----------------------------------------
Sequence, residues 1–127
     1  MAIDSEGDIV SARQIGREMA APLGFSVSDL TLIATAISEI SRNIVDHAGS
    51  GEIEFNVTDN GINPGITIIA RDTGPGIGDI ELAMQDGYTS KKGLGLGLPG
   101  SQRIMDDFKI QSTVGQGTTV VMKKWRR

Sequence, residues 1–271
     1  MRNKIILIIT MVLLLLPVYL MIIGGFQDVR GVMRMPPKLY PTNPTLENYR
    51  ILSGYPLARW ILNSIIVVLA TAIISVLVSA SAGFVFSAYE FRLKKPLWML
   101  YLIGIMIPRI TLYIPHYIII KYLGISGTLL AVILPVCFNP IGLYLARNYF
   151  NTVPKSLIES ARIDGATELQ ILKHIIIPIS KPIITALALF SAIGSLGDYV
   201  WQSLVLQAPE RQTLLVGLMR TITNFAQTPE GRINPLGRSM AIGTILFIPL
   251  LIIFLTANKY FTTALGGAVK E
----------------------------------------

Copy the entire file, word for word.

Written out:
Sequence, residues 1–127
     1  MAIDSEGDIV SARQIGREMA APLGFSVSDL TLIATAISEI SRNIVDHAGS
    51  GEIEFNVTDN GINPGITIIA RDTGPGIGDI ELAMQDGYTS KKGLGLGLPG
   101  SQRIMDDFKI QSTVGQGTTV VMKKWRR

Sequence, residues 1–271
     1  MRNKIILIIT MVLLLLPVYL MIIGGFQDVR GVMRMPPKLY PTNPTLENYR
    51  ILSGYPLARW ILNSIIVVLA TAIISVLVSA SAGFVFSAYE FRLKKPLWML
   101  YLIGIMIPRI TLYIPHYIII KYLGISGTLL AVILPVCFNP IGLYLARNYF
   151  NTVPKSLIES ARIDGATELQ ILKHIIIPIS KPIITALALF SAIGSLGDYV
   201  WQSLVLQAPE RQTLLVGLMR TITNFAQTPE GRINPLGRSM AIGTILFIPL
   251  LIIFLTANKY FTTALGGAVK E